Artificial pancreas ‘could be ready in two years’
The world’s first artificial pancreas could be available to people with diabetes in two years, researchers have said.
The small, portable device, which monitors blood glucose in people with type 1 diabetes, could revolutionise treatment of the condition.
It has been designed to automatically adjusts levels of insulin entering the body and might mean the end of regular finger-pricking tests and insulin injections.
Current available technology allows insulin pumps to deliver insulin to people with diabetes based on readings taken from glucose meters.
But the latest development joins together these two separate processes in a single piece of technology which is also known as a ‘closed loop’ system.
Researchers from the Department of Diabetes and Endocrinology at the University of Cambridge developed the device and have written a paper which has been published in the journal Diabetologia.
Dr Roman Hovorka said: “In trials to date, users have been positive about how use of an artificial pancreas gives them ‘time off’ or a ‘holiday’ from their diabetes management, since the system is managing their blood sugar effectively without the need for constant monitoring by the user.”
It is likely the piece of equipment will be available by 2018 once a number of issues have been ironed out, including speed of the insulin forms used, glucose monitor accuracy, convenience and cyber-security.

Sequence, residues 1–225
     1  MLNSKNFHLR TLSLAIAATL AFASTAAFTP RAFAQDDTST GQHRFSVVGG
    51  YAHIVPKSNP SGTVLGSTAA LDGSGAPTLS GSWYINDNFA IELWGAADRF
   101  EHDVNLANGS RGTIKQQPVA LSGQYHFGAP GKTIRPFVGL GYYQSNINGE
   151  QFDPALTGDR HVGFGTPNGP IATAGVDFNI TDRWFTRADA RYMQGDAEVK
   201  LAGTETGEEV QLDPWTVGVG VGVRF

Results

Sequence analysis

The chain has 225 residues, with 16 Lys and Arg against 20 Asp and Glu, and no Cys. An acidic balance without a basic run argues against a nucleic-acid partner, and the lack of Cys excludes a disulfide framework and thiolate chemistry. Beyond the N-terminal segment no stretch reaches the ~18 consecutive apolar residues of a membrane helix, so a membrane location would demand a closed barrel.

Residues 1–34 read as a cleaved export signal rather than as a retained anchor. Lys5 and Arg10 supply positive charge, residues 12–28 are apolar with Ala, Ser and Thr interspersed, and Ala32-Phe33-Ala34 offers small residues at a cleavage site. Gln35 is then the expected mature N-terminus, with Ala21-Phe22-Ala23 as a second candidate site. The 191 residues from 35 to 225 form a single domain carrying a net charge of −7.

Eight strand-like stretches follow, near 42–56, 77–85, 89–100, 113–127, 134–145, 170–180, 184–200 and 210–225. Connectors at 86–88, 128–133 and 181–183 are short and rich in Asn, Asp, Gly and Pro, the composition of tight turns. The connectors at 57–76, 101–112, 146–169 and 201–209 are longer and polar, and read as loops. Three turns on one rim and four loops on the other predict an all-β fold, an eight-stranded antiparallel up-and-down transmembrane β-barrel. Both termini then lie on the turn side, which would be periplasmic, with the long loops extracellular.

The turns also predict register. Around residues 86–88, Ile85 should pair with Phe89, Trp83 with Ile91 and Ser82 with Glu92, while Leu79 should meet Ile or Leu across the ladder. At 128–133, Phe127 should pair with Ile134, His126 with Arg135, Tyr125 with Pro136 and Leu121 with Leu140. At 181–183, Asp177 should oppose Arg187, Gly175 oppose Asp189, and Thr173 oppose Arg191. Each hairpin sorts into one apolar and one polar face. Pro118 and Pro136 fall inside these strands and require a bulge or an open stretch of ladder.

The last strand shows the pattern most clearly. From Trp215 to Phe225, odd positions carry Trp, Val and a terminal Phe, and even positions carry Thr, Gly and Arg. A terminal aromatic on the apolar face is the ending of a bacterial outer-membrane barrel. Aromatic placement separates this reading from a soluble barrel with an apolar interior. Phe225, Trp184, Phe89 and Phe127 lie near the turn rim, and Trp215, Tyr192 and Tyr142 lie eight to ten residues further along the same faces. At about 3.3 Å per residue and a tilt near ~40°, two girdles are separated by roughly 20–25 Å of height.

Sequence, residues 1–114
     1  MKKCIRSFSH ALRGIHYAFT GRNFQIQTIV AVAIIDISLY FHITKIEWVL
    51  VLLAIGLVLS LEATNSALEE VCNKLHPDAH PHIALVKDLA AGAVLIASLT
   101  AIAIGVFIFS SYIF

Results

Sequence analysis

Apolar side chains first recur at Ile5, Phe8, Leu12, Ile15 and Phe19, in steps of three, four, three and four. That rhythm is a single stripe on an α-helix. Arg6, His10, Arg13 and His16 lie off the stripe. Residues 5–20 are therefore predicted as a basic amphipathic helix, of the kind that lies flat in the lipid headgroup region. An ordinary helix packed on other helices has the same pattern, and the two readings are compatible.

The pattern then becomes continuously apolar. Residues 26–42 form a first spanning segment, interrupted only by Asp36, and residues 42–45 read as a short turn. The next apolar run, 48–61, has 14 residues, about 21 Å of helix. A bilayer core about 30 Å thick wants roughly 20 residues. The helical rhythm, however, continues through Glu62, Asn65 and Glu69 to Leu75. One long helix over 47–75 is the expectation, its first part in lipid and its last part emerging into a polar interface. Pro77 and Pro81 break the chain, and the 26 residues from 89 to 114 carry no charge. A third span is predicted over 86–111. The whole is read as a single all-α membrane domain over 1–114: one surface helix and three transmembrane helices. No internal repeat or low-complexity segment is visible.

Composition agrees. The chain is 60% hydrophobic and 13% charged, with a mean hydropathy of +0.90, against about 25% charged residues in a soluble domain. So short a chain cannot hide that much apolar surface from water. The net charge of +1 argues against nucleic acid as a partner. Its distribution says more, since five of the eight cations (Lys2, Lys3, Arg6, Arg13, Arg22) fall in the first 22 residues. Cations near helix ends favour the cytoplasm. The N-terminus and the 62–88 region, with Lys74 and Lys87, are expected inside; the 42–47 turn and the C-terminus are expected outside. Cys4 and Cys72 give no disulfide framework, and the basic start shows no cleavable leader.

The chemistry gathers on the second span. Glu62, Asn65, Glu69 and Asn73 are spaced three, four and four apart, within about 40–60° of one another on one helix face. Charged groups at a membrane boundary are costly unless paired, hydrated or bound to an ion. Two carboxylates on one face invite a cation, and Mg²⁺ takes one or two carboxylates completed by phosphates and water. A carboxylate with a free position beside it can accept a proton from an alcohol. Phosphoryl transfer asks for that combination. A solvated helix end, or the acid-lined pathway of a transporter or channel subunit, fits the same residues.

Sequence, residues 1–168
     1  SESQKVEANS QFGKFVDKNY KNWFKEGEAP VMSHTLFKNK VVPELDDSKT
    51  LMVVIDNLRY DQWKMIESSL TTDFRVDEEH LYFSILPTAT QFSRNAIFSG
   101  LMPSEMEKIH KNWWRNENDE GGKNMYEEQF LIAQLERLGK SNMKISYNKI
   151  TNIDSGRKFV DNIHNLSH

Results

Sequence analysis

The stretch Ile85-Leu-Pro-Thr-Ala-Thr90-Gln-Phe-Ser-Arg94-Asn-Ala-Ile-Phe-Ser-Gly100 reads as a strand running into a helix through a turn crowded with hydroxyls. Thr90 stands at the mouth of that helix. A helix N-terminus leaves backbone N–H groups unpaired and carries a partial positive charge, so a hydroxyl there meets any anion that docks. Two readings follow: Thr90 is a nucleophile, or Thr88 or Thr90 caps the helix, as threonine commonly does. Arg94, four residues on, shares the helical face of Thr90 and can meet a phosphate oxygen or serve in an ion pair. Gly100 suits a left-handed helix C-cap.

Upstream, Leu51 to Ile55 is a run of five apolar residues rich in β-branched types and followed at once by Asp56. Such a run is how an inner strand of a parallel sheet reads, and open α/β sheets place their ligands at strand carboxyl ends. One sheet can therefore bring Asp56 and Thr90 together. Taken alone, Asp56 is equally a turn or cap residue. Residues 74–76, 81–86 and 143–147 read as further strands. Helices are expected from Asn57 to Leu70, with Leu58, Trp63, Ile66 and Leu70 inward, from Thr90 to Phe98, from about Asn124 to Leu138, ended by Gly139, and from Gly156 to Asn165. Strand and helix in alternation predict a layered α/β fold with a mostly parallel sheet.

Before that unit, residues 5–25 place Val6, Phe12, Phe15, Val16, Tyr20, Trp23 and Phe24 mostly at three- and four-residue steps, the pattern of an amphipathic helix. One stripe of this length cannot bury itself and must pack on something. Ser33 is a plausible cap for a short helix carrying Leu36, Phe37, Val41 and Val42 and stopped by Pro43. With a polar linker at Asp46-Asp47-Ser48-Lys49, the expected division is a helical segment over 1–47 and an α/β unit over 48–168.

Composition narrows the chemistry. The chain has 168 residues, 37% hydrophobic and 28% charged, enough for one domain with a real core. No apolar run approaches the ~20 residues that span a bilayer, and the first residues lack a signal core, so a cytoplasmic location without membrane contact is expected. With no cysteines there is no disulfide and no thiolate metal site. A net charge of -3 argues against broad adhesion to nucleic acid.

Dr Hovorka said: “Prolonged six to 24 month multi-national closed loop clinical trials and pivotal studies are underway or in preparation including adults and children.
“As closed loop devices may be vulnerable to cyber security threats such as interference with wireless protocols and unauthorised data retrieval, implementation of secure communications protocols is a must.”
The US Food and Drug Administration is currently reviewing one proposed artificial pancreas with approval possibly as soon as 2017.
And a recent review by the UK National Institute of Health Research (NIHR) reported automated closed loop systems may be expected to appear in the European market by the end of 2018.
Dr Hovorka added: “Cost effectiveness of closed-loop is to be determined to support access and reimbursement.
“Significant milestones moving the artificial pancreas from laboratory to free living unsupervised home settings have been achieved in the past decade.
“Through inter-disciplinary collaboration, teams worldwide have accelerated progress and real-world closed-loop applications have been demonstrated.
“Given the challenges of beta-cell transplantation, closed-loop technologies are, with continuing innovation potential, destined to provide a viable alternative for existing insulin pump therapy and multiple daily insulin injections.”